With Hans Jørgen Johnsen working his magic on the hull design, it’s no surprise that this is a seriously capable driver’s machine with first rate seakeeping.
We tested it in some big seas and discovered that “you simply set the revs to reflect your mood, not the sea conditions”, concluding that it was “Windy’s best ever hull”. High praise indeed!
LOA: 31ft 6in (9.6m)
Beam: 9ft 8in (3.0m)
Draught: 3ft 6in (1.1m)
Displacement: 3.9 tonnes
Fuel capacity: 517 litres
Engine: Volvo Penta D6-400 400hp diesel engine
Contact: Berthon International
Sunseeker Superhawk 40
Launched in 1999, the Superhawk 40 bore an uncanny resemblance to the Sunseeker Superhawk 34, and with good reason. It’s basically the same boat.
So why the change in nomenclature? Have a stroll around to the stern and you’ll find a much longer swim platform. It’s there to extend the engine range beyond the sterndrive Volvos of the latter.
Everything forward was broadly similar, a good thing since this is one of the best looking boats on the water.
You pay for those low, sleek, dart-like looks inside. There’s no question that this is a sportsboat, not a cruiser – a 911 rather than an E Class.
That said, as a weekender for two it’s entirely sufficient. There’s a dedicated bed in the bow, the table that lies across it cantilevering out to sit centre stage of the semi-circular dinette aft.
A galley to port and a small heads complete the picture, and it’s all trimmed in a riot of 1990s Sunseeker cream leather and high gloss cherry.
The exterior reaps the benefits of that compact cabin, with flawless lines accentuated by the wing tipped radar arch and stainless steel framed windscreen.
The cockpit is sunk deep into the hull, lowering both the profile of the craft and the centre of gravity. Purposeful and elegant, it’s one of those boats that looks like it’s doing 40 knots before you even leave the dock.
Sunseeker offered engine options every bit as exotic as its hull designs. A pair of 8.2 litre 500hp petrol engines lifted the top speed to 60 knots while Trimax drives with surface propellers mated to twin 420hp Yanmar diesels weren’t much slower.
But the vast majority went out with the more prosaic but far more practical Volvo Penta sterndrive diesels. The twin KAD 300 285hp engines installed in this boat give speeds in the region of 40 knots.
Form and function are often bedfellows, and so it is with the Superhawk. The narrow beam gives wave-cleaving performance and the low profile and centre of gravity aid handling. This is what the Superhawk does best: go hard, go fast and go well.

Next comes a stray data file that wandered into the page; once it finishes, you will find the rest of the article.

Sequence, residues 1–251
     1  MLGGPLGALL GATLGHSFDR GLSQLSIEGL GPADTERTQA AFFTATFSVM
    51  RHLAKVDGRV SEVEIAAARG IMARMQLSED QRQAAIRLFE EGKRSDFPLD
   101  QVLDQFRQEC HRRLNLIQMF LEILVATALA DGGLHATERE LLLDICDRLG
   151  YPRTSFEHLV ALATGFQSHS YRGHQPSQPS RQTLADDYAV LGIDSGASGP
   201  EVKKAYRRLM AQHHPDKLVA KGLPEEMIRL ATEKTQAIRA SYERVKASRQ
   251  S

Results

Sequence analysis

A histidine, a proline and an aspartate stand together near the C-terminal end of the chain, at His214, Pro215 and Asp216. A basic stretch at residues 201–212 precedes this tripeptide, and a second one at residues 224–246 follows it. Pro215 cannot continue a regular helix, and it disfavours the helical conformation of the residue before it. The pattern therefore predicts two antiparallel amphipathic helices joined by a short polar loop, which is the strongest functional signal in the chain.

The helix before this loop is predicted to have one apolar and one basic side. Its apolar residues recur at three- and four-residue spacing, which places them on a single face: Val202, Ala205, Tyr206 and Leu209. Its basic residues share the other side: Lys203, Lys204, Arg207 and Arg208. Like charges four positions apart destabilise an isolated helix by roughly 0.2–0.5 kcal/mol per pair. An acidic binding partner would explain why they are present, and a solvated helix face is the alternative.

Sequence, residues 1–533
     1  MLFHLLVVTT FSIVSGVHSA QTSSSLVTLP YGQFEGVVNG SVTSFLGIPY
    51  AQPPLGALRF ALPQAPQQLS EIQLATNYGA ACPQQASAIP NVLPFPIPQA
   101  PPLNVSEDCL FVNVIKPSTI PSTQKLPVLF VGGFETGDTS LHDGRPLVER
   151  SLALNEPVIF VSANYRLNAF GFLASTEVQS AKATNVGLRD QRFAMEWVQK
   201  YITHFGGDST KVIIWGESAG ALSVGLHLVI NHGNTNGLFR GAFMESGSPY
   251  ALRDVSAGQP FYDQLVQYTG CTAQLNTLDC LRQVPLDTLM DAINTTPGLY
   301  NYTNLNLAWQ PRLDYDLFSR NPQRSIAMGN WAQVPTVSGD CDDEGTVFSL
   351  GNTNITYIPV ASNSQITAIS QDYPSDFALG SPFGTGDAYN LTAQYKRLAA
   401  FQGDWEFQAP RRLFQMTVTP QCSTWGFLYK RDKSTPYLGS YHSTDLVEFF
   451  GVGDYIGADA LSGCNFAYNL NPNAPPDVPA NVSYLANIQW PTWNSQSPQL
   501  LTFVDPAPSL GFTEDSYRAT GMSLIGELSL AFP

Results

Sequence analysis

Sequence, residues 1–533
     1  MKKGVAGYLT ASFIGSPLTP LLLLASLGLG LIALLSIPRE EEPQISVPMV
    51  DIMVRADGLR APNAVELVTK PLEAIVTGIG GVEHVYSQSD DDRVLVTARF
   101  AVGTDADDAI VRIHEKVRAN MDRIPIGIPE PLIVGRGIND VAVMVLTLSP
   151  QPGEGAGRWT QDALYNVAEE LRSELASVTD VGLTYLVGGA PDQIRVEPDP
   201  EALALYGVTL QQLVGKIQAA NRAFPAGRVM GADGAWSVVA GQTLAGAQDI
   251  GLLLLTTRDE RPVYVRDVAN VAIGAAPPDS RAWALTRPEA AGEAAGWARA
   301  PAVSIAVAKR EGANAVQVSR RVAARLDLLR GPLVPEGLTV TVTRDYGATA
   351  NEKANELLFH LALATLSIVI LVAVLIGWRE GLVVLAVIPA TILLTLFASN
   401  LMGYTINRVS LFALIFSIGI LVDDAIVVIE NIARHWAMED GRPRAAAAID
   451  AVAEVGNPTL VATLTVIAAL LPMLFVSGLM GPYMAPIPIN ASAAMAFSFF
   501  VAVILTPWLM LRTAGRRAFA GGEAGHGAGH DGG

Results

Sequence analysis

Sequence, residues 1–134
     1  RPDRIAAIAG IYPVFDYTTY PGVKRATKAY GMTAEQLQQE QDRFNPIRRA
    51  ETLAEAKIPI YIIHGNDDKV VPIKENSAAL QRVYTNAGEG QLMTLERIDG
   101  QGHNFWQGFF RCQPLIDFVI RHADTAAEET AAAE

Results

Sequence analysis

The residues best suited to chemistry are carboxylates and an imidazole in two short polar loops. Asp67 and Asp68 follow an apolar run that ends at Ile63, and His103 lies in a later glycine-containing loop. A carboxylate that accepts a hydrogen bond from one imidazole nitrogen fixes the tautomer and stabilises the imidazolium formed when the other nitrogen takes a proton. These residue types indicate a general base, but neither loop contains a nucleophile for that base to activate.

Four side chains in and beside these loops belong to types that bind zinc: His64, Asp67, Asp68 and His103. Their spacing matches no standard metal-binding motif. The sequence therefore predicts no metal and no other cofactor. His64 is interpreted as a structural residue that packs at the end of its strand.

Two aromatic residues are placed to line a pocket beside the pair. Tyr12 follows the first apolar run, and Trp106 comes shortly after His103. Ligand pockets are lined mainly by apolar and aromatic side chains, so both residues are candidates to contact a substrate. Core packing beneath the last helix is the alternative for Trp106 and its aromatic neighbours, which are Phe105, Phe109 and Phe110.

LOA: 41ft 1in (12.5m)
Beam: 10ft 2in (3.1m)
Draught: 3ft 9in (1.1m)
Displacement: 8 tonnes
Fuel capacity: 700 litres
Engines: Twin Volvo Penta KAD 44 EDC 260hp diesel engines
Contact: Global Yacht Brokers
In over a decade as a marine journalist I’ve tested hundreds of new boats. And in my house hangs a single framed photograph of me driving one of them. Frozen in time, a brand new Levi Corsair hangs in the air, propellers completely clear of the water.
There are two reasons why that particular boat test is immortalised; it was one of the best driving experiences of my
life, and in my opinion it’s the most beautiful boat in the world.
Built in Venice, each Corsair takes eight artisans about five months to create. Mass production this is not. And it’s inside where this is most evident.
Lovingly lacquered mahogany and thick sumptuous leather is lit by carefully inset strips of LED lighting. Based on a design from the 1960s, there are vee berths forward and a small dinette opposite the galley as well as a separate heads.
A Corsair 27 won the 1963 Cowes-Torquay before being developed as a sportscruiser. This current model is less a homage to that boat and more of a copy. It’s why the cabin top is low, the side decks wide and the sheer line to die for.
Back in the cockpit, there are a pair of helm seats plus a deep, wide seat above the engines back aft. Complicated it’s not. Elegant it most certainly is.
About the only aspect that has changed significantly is the motive power. In the 1960s, twin 150hp petrol engines were virtually race spec.
This boat sports a pair of VW Marine 265hp V6 diesel engines. It’s why the original did about 30 knots, and this one does 45.
Wessex Marine (importer of the Corsair) boss David Adams is a very experienced ex-powerboat racer, which is why I took his advice and hit the big waves off Poole at 30 knots when I tested it back in 2013.
As we hung in the air for a sickening second after clearing the first aquatic ramp I thought we were about to break something, possibly me, but it landed as sweetly as an ice skater and begged for more. Fantastic!
LOA: 27ft 0in (8.2m)
Beam: 9ft 0in (2.7m)
Draught: 2ft 7in (0.8m)
Displacement: 5.4 tonnes
Fuel capacity: 540 litres
Engines: Twin VW Marine 265hp diesel engines
Contact: Global Yacht Brokers
First published in the March 2022 issue of MBY.